If future-proofing is your main concern, HTC hardware is the best choice. HTC has put its drivers into the Android Open Source Project (AOSP), where they can easily be found in the source tree. Other manufacturers are keeping their drivers under wraps.
With the HTC Desire and the Nexus One, 'ROM cooks' can easily create their own builds directly from the AOSP, with no dependence on the manufacturer's code. Even if HTC delivers no more updates for a certain model, it's likely that future Android versions will appear on sites such as XDA Developers or Modaco.
If overall smartphone performance is your priority, be aware that almost every Android device performs badly in some benchmark discipline. It's not possible to give a general recommendation for the 'fastest' Android phone. You'll need to determine which features are most important to you.
Remember also that hardware development is ongoing. The next generation of 45-nanometre ARM processors is in the wings — the current generation has a feature size of 65nm. This die-shrink will further reduce power consumption.
Samsung already has already announced a 1GHz dual-core processor — the 'Orion', which is based on ARM's Cortex-A9 architecture. Multi-core technology is on its way to the smartphone and tablet markets.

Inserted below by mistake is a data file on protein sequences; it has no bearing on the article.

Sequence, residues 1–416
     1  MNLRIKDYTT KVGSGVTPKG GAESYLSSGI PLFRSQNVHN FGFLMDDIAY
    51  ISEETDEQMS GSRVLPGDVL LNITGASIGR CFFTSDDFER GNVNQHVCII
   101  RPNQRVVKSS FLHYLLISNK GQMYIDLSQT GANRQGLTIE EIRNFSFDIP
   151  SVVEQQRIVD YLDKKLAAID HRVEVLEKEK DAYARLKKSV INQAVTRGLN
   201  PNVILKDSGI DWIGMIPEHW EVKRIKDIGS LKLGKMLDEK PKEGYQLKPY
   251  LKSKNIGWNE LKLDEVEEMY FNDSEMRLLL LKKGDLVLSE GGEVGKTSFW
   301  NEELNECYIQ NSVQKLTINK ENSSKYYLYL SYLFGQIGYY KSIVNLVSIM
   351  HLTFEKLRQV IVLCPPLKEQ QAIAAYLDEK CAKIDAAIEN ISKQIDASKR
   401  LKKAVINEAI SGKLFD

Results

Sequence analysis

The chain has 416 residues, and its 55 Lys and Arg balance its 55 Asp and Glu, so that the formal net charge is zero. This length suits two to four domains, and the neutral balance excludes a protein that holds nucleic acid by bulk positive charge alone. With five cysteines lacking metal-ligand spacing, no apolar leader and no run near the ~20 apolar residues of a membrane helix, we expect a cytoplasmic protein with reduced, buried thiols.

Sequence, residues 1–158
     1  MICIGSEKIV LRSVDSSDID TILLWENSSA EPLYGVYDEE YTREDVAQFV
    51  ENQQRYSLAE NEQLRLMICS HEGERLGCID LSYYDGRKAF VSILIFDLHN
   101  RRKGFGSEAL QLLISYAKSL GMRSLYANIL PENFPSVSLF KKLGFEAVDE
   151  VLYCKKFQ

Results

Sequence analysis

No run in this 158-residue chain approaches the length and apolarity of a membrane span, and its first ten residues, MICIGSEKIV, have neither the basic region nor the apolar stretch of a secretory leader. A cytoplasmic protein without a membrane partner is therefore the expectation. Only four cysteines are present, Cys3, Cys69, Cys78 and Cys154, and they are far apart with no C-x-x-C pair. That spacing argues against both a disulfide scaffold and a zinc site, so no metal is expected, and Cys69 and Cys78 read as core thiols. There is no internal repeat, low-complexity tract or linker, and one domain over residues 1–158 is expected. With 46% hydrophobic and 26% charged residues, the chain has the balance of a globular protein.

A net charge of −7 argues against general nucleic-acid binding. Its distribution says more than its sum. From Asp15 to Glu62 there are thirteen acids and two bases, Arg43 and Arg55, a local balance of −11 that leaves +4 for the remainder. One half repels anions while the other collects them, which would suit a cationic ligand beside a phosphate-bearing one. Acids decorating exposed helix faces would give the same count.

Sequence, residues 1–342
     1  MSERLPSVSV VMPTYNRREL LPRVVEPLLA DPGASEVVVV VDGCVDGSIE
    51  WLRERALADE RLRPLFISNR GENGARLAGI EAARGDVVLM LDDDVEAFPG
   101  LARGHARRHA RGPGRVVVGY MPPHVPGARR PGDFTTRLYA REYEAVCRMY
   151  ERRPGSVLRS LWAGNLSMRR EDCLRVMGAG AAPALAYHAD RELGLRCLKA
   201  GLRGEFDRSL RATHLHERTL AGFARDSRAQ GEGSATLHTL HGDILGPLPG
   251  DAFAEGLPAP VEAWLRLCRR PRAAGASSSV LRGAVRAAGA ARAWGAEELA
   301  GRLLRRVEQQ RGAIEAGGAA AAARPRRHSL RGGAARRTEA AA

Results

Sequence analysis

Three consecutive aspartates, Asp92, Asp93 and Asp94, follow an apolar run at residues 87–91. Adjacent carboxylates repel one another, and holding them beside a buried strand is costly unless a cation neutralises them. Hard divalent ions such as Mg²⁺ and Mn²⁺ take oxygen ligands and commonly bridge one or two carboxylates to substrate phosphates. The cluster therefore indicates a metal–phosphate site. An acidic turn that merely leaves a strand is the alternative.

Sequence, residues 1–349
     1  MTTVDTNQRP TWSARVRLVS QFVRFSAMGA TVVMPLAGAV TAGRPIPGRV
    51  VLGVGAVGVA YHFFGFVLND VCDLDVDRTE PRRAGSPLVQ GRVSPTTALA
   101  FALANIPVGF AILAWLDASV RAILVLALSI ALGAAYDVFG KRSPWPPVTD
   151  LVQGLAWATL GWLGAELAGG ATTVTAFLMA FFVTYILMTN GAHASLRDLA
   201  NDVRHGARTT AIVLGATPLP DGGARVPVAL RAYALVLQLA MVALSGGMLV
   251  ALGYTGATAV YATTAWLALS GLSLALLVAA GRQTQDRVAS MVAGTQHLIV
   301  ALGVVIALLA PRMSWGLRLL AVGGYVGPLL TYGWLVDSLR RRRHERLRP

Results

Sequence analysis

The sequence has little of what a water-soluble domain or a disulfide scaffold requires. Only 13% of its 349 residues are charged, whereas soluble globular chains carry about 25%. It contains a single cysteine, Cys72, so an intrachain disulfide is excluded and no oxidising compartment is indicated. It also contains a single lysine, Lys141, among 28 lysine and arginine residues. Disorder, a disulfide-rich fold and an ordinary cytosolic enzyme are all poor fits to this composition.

Qualcomm is also working on faster processors, with two new CPUs the — QSD8272 and QSD8672 — set to appear in the fourth quarter of 2010. These chips also have two Cortex-A9 cores and are clocked at 1.5GHz. The GPU is upgraded to the Adreno-220. The only differences between the two processors are in the UMTS frequencies supported: bands 1 (2100MHz), 2 (1900MHz) and 5 (850MHz) in the QSD8272; bands 1 (2100MHz), 4 (1700MHz) and 8 (900MHz) in the QSD8672. UMTS band 1 is used in Europe.
So if you're seeking the best-performing smartphone, you can be sure that faster and better devices are just over the horizon — just as in the desktop and notebook markets.